Nepal: Koirala set to be PM for 4th term, Maoists say sham
Kathmandu, Apr 25 (UNI) Thousands of people cheered and danced on the streets as Nepal's seven-party alliance today unanimously picked up octogenarian politician Girija Prasad Koirala for the post of Prime Minister and ended pro-democracy protests after King Gyanendra announced he will reinstate the dissolved parliament.
Maoist rebels denounced the king's speech as a sham and conspiracy against the spirit of the 12-point agreement.
Mr Koirala, 84, has been the Prime Minister of Nepal four times, from 1991 to 1994, from 1998 to 1999, from 2000 until 2001, and from 2006.
A meeting of the alliance, which spearheaded the agitation for restoration of democracy in the Hindu kingdom, took the decision at a meeting this morning following King Gyanendra's announcement last night.
The alliance called off its 20-day general strike that has crippled Nepal and life returned to normal in Kathmandu after almost three weeks of curfew, protests and closures. Buses and taxis were running for the first time since April 6, and mobile phone connections, cut at the height of the unrest on Saturday, were restored.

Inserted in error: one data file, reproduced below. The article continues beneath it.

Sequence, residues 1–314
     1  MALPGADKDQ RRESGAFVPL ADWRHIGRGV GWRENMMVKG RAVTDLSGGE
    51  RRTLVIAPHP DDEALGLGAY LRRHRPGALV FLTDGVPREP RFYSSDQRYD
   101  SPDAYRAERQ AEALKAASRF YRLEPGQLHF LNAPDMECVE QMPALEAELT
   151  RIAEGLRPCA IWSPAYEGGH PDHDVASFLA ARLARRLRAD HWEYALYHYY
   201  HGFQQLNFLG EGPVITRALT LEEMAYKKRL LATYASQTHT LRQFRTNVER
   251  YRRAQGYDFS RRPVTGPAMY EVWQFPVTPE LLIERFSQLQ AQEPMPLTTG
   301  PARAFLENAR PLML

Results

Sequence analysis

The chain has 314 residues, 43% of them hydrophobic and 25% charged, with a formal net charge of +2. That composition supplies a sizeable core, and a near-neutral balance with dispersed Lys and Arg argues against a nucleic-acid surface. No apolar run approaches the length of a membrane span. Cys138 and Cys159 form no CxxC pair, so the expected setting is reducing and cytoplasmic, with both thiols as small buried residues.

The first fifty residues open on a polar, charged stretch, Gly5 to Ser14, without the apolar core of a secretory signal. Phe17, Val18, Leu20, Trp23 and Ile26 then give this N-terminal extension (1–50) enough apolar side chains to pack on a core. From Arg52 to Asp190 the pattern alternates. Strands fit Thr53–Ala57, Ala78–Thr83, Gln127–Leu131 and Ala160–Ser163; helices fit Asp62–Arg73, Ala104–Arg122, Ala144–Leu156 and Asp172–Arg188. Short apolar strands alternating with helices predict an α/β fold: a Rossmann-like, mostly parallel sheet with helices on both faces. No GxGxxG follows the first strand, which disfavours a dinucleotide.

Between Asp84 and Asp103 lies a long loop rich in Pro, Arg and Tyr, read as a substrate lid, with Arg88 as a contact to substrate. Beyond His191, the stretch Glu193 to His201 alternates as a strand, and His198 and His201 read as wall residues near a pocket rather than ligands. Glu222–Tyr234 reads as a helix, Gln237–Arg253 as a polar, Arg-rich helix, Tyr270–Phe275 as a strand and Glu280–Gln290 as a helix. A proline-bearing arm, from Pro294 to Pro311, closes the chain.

Mr Koirala's name was proposed by CPN-UML leader Madhav Kumar Nepal and unanimously passed at the meeting.
The meeting also decided that the revived Parliament would move a resolution for the Constituent Assembly as soon as it reconvenes on April 28.
India has welcomed the king's decision to revive parliament and hoped that an interim government would be in place in the Himalayan kingdom in a day or two.
Reacting to the king's broadcast, National Security Advisor M K Narayanan, who is in Berlin along with Prime Minister Manmohan Singh, hoped that all the necessary steps had been taken by Nepal for the restoration of multi-party democracy.
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